Day 15 – The Final leg

Day 15, wow, after 7 weekends (6 of them paddling) we have gotten down to our last leg to complete our Border 2 Beach Adventure.

We only had about 25km to go, so we opted for “Gentlemen’s Hours”  and got back and ready to go just after 9am.  The temperature was not bad, 13deg, up to about 22, but the wind, well that is another story.  It was predicted to be about 15km/h, but no, when we arrived, it was quite a bit stronger.

RiverGlen Marina

It looked fine within the protection of the marina, but out on the river…

Getting Underway

Yeah, from the photo you can’t really see it, but about a 20-25km/h headwind!  We pushed along and into the wind – no protection along this part of the river – it is quite wide, mostly 200m+ wide and no cliffs to offer protection or break up the wind.  We just hugged the willows, and got a tiny bit of protection but not much.

Jervois Ferry

As we were approaching Tailem Bend and the Jervois Ferry we noticed that the wind was actually dropping off and quite bearable.

This is the only town along the river that I would call unfriendly to Kayak’s – we could not get out of the boats at the public park – no beach, just a high pontoon.

We got back underway and we could see the low cliffs and the big sweeping bend in the river, and the further we went around the bend, the lighter the wind got and it also moved from our face to our backs.

Tailem Bend

The cliff is really quite low and more of a hill next to the river.

Last Leg

The river widened up even more after the low cliffs and it was really nice to be paddling in the conditions.

We rounded the last bend, and we could see the Township of Wellington, and before we knew it, the Wellington ferry and finally, our land crew waiting right next to the ferry where we departed from last weekend in the dark.Wellington

There is a tiny little spot, just enough room for 1 kayak in the shallow water which was the end of our trip, after 26km for the day. An interesting tidbit, this was the only day we were on the river where we encountered no other boat traffic at all!  (OK, the Jervois ferry doesn’t count!).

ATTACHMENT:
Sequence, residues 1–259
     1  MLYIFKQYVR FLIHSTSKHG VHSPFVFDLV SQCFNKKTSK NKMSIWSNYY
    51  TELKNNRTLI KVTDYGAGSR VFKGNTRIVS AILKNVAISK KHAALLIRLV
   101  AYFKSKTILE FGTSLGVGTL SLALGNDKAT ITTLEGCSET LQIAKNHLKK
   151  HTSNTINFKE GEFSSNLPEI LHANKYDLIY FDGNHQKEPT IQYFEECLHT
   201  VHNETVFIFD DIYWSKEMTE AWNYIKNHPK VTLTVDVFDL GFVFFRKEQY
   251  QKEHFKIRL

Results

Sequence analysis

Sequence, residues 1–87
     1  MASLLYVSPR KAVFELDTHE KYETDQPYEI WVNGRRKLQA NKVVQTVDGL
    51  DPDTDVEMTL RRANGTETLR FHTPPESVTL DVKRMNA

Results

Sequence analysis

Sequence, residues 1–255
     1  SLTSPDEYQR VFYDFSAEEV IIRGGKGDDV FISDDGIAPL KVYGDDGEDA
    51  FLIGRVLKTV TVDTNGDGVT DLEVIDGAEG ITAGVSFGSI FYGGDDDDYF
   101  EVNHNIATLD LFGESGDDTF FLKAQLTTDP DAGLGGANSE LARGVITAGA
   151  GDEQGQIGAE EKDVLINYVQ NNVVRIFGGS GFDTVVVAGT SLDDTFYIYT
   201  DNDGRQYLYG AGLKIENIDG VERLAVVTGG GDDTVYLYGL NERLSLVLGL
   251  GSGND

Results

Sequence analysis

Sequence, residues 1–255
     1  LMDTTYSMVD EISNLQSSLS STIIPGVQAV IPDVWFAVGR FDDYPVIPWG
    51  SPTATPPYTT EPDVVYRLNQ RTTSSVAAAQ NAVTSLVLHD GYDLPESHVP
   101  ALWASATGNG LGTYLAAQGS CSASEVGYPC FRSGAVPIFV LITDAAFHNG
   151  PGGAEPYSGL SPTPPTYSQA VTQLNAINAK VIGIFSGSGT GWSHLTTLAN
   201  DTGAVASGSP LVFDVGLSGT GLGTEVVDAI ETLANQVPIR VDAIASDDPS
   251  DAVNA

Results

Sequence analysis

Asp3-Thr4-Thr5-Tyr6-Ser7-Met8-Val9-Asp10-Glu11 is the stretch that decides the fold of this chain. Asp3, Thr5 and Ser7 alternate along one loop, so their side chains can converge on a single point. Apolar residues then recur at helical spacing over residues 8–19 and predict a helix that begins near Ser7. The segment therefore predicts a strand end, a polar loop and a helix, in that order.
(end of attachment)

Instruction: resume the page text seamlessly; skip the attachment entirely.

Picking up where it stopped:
Now, I am going to depart a little and post just a couple of photos that I didn’t take.

Arriving Wellington


I made it

I had made it!

Brad and Bob

Brad (L) and Bob (R) at the end of our 654km, Border2Beach 2016 adventure and a lifetime of memories.

A very special Thank you – to my Partner Ray – our dedicated Land Crew – who got us on the water, met us, fed and watered us along the way.  Without this support we would never have been able to complete our Adventure.  All that time ago, when we planned this trip, Brad’s Partner, Renee was only working part-time, but in the intervening time secured a full-time role and was able to be there Supporting us when work allowed.

Day 14

Well, we have arrived at our final weekend of paddling to complete the 654km journey down the Murray.  The weather reports were for a 10-22deg and winds increasing from about 10km/h to around 20-25km/hr – so we thought we might be in for a bit of a tough day.

We had a bit of a late start, but with a planned  distance of 40km for the day that was OK.

Departing Zadow's Landing

We got underway just after 8:30am from Zadow’s landing where we finished last weekend.

When we hit the water, we were wondering what the fuss was with the predicted wind – it was like a millpond.Leaving Zadow's landing

Around the first bend we saw our first Riverboat for the day the Proud Mary heading upstream – a large boat that does both day and multi-day river cruises out of Mannum.

As the morning progressed, the scenery changed – as it has all along the river with something different around every bend.

low cliffs

The wind had picked up somewhat, but not too bad – right in the 10-15km range.  The scenery was now a much wider river, with the occasional low cliff. We had a threat of rain, but fortunately for us, we did not get any on the river – but the clouds were all around for most of the day.

Our first river marker for the day was 136.

130But, the most interesting river marker was the 130 marker – only insomuch as this is the first river marker that is a buoy and not attached to a tree.  We only saw a couple more river markers on trees, most of them were floating.

Shack community

We had a couple of stops along the way, every hour or so for a few minutes and the scenery was again changing with the cliffs now becoming a steep bank near the river, leaving just enough space for the shacks.  The wind was still about the same, and the clouds were starting to clear up just a little more.

Murray Princess

Just as we stopped for a quick stretch, the Murray Princess was heading upstream.

Captain Proud

Our final River-boat and 2nd paddle boat was the Captain Proud heading upstream about 10 minutes behind the Murray Princess.

We made it to Avoca Dell where we had a short lunch-break.

Chillin at Avoca Dell

Brad was just sitting down having a bite to eat and relaxing.

When we got back on the water for the 6km into Murray Bridge the wind had picked up somewhat – and it was a hard slog into the 20-25km/h headwind.